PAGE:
Making the transition from military to civilian life can often come with detrimental side-effects for many veterans. Some of these are caused by Post-Traumatic Stress (PTSD) and Traumatic Brain Injury (TBI), but there are many ways that this change can impact one’s life.
One of these ways is through depression. While feelings of sadness, loneliness and general loss are common throughout all of our lives, depression can emerge when they last for long periods of time or become overwhelming. When they keep you from living an active, healthy life, it’s time to seek help.
Depression is generally considered a mental illness, but there are actually two parts to it: the physical and the mental. Mental symptoms include trouble concentrating or making decisions, trouble remembering details, feelings of guilt or worthlessness, hopelessness, irritability, loss of interest in things that you found pleasurable–including sex–and suicidal thoughts or attempts.
On the other hand, there are a surprising number of physical symptoms that accompany depression. These tend to include fatigue, insomnia, sleeping too much, appetite loss, overeating and digestive issues. It can also include aches, pains, headaches and cramps that don’t seem to go away.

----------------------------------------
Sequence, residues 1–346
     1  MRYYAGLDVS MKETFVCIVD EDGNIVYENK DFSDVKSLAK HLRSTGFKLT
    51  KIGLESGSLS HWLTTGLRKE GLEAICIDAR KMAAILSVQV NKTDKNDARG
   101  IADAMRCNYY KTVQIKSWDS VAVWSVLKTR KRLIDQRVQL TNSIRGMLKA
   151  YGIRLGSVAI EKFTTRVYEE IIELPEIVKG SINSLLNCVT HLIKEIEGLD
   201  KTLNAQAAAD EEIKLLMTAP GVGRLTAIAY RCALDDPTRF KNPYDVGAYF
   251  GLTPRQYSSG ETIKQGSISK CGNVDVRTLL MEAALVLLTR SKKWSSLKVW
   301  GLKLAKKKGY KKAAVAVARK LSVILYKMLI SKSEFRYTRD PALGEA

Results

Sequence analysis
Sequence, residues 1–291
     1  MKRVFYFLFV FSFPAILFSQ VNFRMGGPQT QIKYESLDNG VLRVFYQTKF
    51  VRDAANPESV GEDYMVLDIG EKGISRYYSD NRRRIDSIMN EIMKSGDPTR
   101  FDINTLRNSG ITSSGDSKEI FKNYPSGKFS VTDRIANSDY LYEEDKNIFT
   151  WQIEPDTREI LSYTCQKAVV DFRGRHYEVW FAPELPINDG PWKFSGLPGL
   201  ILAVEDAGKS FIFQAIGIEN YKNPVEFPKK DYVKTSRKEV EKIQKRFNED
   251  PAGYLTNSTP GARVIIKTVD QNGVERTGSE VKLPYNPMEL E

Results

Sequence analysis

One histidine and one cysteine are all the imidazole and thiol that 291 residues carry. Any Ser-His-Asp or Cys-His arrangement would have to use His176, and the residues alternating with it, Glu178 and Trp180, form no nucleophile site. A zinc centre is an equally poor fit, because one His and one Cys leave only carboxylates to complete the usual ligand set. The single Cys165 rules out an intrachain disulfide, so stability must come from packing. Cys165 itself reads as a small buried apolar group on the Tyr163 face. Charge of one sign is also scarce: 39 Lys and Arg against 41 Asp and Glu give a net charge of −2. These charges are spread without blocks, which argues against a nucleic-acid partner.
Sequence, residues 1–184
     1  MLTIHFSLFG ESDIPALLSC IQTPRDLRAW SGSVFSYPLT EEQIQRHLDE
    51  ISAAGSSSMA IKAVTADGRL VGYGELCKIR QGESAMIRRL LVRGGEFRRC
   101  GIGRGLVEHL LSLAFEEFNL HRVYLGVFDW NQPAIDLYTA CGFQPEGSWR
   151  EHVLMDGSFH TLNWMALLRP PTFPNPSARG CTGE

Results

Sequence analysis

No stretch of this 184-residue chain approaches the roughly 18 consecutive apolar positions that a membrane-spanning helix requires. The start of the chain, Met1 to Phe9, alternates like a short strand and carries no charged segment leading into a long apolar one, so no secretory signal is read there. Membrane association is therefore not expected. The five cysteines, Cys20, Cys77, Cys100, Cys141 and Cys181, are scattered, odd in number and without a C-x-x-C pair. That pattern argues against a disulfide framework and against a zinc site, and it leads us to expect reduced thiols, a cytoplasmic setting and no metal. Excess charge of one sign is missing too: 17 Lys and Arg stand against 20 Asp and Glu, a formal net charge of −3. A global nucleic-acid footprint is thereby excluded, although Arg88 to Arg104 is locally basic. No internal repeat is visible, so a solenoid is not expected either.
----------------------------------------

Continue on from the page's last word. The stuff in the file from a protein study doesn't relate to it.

Those with severe depression also exhibit some troubling behaviors. It is common to see a switch from sadness to extreme calm or happiness, as well as taking risks for little to no reason and becoming fascinated with death, dying or hopelessness.
Those who struggle with depression tend to describe it less as a kind of sadness and more as an absence of emotion. More than half of those who suffer from depression never seek out diagnosis and treatment.
At FMF, our FOCUS program helps those suffering from depression by giving them the tools to properly manage it. In many cases, depressed individuals have experienced symptoms for so long that it seems there is no way to escape them. However, by teaching them these tools, our program allows them to take back control of their life and recover the drive that earned them their Eagle, Globe and Anchor.